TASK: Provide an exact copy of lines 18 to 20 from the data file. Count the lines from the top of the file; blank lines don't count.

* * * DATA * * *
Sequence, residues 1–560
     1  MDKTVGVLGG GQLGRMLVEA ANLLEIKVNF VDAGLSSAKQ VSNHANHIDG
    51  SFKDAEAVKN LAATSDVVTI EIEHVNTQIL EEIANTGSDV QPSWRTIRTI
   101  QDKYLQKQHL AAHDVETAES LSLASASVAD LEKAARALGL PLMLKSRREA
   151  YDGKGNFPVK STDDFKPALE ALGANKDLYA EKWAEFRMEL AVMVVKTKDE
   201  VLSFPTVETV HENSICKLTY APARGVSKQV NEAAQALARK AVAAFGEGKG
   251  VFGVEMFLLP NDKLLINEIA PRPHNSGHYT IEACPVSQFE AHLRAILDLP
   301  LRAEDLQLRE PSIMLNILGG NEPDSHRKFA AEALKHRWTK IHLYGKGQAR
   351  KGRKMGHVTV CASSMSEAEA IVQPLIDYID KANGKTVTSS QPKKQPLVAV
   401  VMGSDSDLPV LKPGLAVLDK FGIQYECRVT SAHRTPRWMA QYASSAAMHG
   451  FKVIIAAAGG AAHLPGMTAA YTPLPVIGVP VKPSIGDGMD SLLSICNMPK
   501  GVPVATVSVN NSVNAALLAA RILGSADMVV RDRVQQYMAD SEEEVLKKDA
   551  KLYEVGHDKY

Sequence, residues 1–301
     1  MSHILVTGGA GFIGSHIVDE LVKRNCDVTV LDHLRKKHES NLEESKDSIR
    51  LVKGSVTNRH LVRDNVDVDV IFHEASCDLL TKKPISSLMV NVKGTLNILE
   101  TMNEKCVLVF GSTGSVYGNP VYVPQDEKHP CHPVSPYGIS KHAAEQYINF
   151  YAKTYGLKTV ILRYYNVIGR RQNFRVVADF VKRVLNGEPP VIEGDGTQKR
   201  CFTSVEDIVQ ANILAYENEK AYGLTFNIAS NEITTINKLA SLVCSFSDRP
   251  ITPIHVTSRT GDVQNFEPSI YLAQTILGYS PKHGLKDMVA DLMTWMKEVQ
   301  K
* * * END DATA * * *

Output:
   151  YAKTYGLKTV ILRYYNVIGR RQNFRVVADF VKRVLNGEPP VIEGDGTQKR
   201  CFTSVEDIVQ ANILAYENEK AYGLTFNIAS NEITTINKLA SLVCSFSDRP
   251  ITPIHVTSRT GDVQNFEPSI YLAQTILGYS PKHGLKDMVA DLMTWMKEVQ